Calculating Spousal Support in Macomb County
There isn’t one answer when it comes to the calculation of spousal support in Macomb County, Michigan. Spousal support is a subjective formula that can depend on anything from the length of your marriage to the lifestyle you maintained as a couple. An experienced Michigan family law attorney will guide you successfully and carefully through your divorce, so you get the support you feel you deserve.
How Spousal Support Is Determined in Michigan
Michigan is a no-fault state when it comes to divorce, but there are always shades of gray, which is why spousal support is approached on a case-by-case basis. Did your spouse cheat on you? Did you discover hidden assets? Do you just feel like they owe you after all you’ve done for them? Anything that happened during your relationship is fair game when it comes to arguing for support.
It is, however, unfair to assume that every spousal support situation is bitter and acrimonious. For many couples, Michigan spousal support is a business deal that is included in the overall property division that is the crux of a divorce settlement.
For those who cannot peacefully determine who will pay spousal support, at what amount, and for how long, a Michigan judge will decide for you – and there are many elements on the table for him or her to consider:
- Conduct during the marriage (e.g., cheating).
- Length of the marriage.
- Career prospects and earning potential.
- How property and debts are being divided, especially non-cash assets.
- Ages of the parties.
- Whether either party can afford to pay support.
- Health of the parties.
- Prior standard of living.
- Contributions to the marriage (e.g., child-rearing).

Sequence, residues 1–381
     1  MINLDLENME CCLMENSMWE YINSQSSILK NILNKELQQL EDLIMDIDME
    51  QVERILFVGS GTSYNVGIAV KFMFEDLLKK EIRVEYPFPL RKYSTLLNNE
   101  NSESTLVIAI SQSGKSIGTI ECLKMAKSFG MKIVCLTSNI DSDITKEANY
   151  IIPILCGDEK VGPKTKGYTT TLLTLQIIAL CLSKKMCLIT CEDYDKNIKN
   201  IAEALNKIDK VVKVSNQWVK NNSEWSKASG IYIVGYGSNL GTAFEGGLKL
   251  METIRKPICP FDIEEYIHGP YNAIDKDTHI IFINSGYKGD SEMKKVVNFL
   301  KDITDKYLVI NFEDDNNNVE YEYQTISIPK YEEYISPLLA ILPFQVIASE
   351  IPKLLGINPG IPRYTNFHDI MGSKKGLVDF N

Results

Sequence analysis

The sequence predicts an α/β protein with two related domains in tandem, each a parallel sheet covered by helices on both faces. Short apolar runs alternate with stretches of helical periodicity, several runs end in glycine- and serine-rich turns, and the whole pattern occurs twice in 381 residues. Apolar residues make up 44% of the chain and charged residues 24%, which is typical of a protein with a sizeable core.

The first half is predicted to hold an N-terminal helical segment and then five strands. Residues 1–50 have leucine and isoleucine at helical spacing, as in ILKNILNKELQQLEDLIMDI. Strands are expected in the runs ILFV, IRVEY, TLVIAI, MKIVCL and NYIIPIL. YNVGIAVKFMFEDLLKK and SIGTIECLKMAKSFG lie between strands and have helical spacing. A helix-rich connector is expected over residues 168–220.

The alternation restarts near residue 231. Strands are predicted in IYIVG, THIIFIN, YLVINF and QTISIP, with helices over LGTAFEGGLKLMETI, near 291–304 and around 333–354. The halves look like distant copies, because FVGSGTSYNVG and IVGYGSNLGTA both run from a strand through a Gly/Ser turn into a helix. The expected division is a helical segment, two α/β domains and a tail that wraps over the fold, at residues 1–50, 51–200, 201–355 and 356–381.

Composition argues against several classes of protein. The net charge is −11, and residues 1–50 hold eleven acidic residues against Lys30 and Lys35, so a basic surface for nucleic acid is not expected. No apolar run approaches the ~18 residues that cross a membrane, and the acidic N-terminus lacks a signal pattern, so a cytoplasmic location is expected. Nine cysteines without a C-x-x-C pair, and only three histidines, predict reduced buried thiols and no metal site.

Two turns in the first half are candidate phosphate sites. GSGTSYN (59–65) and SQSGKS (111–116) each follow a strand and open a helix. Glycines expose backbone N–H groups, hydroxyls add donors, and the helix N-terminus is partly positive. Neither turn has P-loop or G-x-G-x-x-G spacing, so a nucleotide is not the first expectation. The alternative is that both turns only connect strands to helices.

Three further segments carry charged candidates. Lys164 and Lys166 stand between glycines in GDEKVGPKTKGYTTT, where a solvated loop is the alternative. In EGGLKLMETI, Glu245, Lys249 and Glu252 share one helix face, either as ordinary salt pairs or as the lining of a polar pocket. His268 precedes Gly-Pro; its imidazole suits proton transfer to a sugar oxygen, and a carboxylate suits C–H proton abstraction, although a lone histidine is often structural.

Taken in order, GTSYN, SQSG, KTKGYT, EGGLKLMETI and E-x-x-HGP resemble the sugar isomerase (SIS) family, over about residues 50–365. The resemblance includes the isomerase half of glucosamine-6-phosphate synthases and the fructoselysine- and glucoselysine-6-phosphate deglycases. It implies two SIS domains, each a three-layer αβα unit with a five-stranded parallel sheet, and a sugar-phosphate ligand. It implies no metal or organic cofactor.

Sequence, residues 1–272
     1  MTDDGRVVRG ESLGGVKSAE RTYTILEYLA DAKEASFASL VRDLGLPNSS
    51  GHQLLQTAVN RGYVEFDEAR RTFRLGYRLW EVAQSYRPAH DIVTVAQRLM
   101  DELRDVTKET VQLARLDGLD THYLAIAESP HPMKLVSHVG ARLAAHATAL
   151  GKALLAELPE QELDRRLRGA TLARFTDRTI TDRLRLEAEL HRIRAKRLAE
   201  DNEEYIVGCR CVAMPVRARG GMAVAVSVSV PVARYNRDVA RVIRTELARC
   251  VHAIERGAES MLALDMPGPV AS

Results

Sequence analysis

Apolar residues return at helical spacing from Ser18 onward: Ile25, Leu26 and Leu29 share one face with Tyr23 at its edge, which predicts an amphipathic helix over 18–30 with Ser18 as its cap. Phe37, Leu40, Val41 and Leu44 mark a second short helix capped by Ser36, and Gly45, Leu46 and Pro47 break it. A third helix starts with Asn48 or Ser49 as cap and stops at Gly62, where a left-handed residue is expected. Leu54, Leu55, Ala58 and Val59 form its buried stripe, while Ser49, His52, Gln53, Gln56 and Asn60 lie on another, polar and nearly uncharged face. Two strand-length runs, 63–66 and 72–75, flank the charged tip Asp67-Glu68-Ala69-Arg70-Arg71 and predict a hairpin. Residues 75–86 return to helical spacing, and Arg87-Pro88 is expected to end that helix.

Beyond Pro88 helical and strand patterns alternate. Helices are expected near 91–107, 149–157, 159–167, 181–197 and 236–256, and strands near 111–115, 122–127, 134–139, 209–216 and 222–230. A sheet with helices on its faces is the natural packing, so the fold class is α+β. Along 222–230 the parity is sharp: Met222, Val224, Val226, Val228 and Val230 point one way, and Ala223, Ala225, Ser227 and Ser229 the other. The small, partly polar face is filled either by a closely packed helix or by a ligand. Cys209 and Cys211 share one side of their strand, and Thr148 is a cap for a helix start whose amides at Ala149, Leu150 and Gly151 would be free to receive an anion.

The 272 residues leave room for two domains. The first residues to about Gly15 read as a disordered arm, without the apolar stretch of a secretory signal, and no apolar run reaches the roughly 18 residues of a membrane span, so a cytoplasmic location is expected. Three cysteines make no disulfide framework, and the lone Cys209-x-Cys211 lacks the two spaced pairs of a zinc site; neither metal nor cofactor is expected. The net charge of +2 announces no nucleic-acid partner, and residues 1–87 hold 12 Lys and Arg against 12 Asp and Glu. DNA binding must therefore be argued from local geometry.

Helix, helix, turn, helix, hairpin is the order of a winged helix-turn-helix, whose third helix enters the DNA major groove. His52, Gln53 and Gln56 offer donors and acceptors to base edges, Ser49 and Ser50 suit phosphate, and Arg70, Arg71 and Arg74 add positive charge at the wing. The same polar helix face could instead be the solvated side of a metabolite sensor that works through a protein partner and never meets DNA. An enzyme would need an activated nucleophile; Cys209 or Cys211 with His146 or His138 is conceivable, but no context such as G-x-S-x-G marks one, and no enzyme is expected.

These factors do not all carry the same weight with a judge, who will decide which factors are relevant and which are not. There may be additional matters that need to be considered.
How Long Do I Have to Pay Alimony?
The length of time that spousal support must be paid is specific to that divorce situation.
- Short-term spousal support is established to last long enough for the other party to secure a good job and bring in their own salary and benefits, or until a certain event occurs, like a child’s graduation, remarriage, retirement, or when a certain amount of support has been paid.
- Lifetime spousal support allows one party to receive alimony payments until their death.
- Periodic payments of support can happen monthly or yearly and be temporary or permanent.
- Lump-sum support is a cash amount paid at settlement for a one-time spousal support payment.
Do I Have to Pay Spousal Support at All?
No, you don’t necessarily have to pay support. Some couples settle their divorce by divvying up assets. In situations like these, a person may be willing to waive their right to spousal support in favor of, say, getting the family home, or being the one who walks away with an IRA or lucrative rental property.
If you and your ex cannot determine the particulars of spousal support yourselves, a judge will decide for you.
Do I Have to Pay Spousal Support and Child Support?
Some people don’t understand why they are ordered to pay spousal support when they’re already paying child support. Isn’t the money for their children going into the bank for their ex anyway? Spousal support doesn’t work that way. Paying a sum for your children’s needs is very different than writing a check to support your ex’s expenses, lifestyle, and the new situation they find themselves in because of your split.
Get a Fair Deal When It Comes to Michigan Spousal Support
As with all matters concerning a Michigan divorce, things can get complicated – spousal support is no different. Hire the right divorce attorney to guide you through your split and argue and negotiate on your behalf so you receive a fair settlement and the support you deserve.
Contact Michigan Divorce Help in Mount Clemens, Michigan to schedule your free initial consultation to discuss your Michigan divorce, get answers to your questions about spousal support, modify an existing support agreement, and more.